On 'The Short Years,' Ed Kornhauser's Jazz Is Of The Moment
A new album of original quartet compositions by San Diego musician Ed Kornhauser dwells in the ephemeral nature of jazz.
The days are long but the years are short. It's a common mantra of parents, attributed to writer Gretchen Rubin. Thirty-three-year-old pianist Ed Kornhauser has been envisioning (and putting off) writing "The Short Years," his debut jazz quartet album for some long years, but once he finally got started with the recording process, the days moved quickly.
Time is the magic, not the enemy of "The Short Years," though, released Nov. 8. "The title refers to: it might be tough right now in the moment and things might seem to be dragging on, but still, things will pass quickly and we need to appreciate what we can in the moment," said Kornhauser of the album. "It’s a series of moments locked in time by a recording."
Kornhauser, who grew up in Escondido and studied music at San Diego State University, is known among the local music scene as a prolific pianist, performing with other groups as well as an accompanist and gig musician.
"The thing that kind of spurred me to finally just knuckle under and do it is I met the saxophone player, Dylan Hermansen, and I really liked his sound. We did a gig where we played some of my songs, and I'm like, 'That's it, that's the other voice I want, that's the extra ingredient,'" said Kornhauser.
Finding a sax player didn't just trigger the act of recording the album, it shaped the project. "I've spent my years in San Diego in large part as an accompanist. And it's made me really appreciate a good ensemble sound," said Kornhauser. "I love a good group, and I wanted that extra voice in there and not have it be all me. I think a good leader can delegate different roles, different people in the band."
Last October, he rounded up Hermansen along with bassist Mackenzie Leighton and drummer Kevin Higuchi (who is also the drummer for punk rocker Jeff Rosenstock) to record the 13-track collection in just two days. "The Short Years" weaves through moods, textures and styles, showcasing Kornhauser's versatile quartet.
Hermansen's saxophone is a strong element throughout the album and shines, but doesn't dominate — just like Kornhauser's piano. On close inspection, each track on the album feels like it brings something new to the jazz table, but the album is ambient enough to hit play and listen through.
The opening tune, "The Shuffler," has a classic, swing-standard feel to it. The track manages to showcase the tight compositions and ensemble unity before an early, skillful piano solo, then an instant switch to Hermansen on sax for a solid solo, plus a few breaks to show off Leighton's bass and Higuchi's drums before settling back into the track's refrain for the final minute. In that way, a blend of solos and orchestrations, the opener sets the tone for the album as a whole.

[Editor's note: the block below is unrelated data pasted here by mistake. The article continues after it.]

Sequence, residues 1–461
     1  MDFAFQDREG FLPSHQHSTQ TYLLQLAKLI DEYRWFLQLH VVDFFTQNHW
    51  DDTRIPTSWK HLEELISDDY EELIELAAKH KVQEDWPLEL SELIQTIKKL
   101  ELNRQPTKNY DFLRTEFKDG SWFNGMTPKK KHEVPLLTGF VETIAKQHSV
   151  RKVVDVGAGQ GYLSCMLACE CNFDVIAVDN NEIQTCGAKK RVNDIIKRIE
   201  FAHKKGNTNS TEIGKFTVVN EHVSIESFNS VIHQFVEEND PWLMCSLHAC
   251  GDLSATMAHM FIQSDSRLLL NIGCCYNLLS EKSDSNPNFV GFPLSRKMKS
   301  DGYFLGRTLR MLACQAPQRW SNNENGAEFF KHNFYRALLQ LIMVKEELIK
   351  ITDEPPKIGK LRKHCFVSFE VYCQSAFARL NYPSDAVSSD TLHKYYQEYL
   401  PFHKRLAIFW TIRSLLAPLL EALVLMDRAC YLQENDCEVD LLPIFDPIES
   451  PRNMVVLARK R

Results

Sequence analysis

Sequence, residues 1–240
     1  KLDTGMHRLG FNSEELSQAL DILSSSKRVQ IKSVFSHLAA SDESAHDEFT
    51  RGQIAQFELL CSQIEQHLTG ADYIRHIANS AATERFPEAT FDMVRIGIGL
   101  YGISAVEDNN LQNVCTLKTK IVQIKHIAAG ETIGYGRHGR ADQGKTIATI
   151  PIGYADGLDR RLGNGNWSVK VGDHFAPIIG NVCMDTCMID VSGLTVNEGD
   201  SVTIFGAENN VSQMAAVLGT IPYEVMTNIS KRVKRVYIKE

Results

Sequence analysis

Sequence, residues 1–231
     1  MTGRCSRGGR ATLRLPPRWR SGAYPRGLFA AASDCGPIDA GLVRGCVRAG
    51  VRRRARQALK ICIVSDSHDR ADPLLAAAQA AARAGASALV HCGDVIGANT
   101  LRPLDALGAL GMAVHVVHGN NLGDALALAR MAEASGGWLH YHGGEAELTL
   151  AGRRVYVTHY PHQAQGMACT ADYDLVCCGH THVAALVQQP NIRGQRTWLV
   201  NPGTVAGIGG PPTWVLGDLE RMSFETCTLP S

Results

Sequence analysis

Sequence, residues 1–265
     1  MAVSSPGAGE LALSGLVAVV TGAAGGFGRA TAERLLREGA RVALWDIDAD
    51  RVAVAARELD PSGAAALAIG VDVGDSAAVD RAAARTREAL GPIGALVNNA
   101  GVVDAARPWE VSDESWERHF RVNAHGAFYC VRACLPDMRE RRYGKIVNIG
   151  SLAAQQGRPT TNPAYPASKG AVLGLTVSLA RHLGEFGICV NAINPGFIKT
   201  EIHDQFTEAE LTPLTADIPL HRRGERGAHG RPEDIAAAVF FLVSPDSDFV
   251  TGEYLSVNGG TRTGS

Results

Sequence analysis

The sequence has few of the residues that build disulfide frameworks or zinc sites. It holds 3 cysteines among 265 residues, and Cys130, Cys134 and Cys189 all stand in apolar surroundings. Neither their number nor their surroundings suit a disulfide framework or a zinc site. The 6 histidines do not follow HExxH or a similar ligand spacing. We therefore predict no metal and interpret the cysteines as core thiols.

Kornhauser pulls away from the standards quickly with "Celadon," the second track that's startlingly melodic. It's a lovely tune, with twinkling piano and a romantic-edged sax melody, and Kornhauser said the track was inspired by San Diego pianist Danny Green.
"I was really trying to explore a lot of what I like to call the pretty dissonances, not the darker sounds. But you still have some interesting grinds on the piano," Kornhauser said.
Another standout piece is the moody "Fuyu," which opens with nearly two minutes of piano solo, like a welcome magnifying glass for Kornhauser's style, chops and creativity. Within a few more minutes the tune is solidly in a highly technical, whirling saxophone solo, sharp-edged but maintaining the track's slowed down darkness.
The track "Tumblehome" is driven by what Kornhauser describes as the traditional train beat — in fact, a tumblehome is a term for when the lower part of a train or boat curves inward above the underframe or waterline. It's a fun, wandering track, packed with melody and steady drums, and hues of gospel and Americana.
Finally, to close things out, the rowdy "Modren" shakes things up with massive walls of sound and Higuchi's versatile drumming (and endurance).
Kornhauser said that this album, like all improvisational music, is a snapshot in time, and that at no other time will these tracks sound the same. The music is formed by these four musicians in each 1-7 minute take of each track. Each subsequent time they're performed, the band can grow with the tune and make room to be surprised by it. The concept of time is undeniable in this piece of work and Kornhauser's approach to composition and jazz in general.
"We only have the moment, and jazz is an intensely ephemeral music. It exists in a unique space and a unique time," said Kornhauser.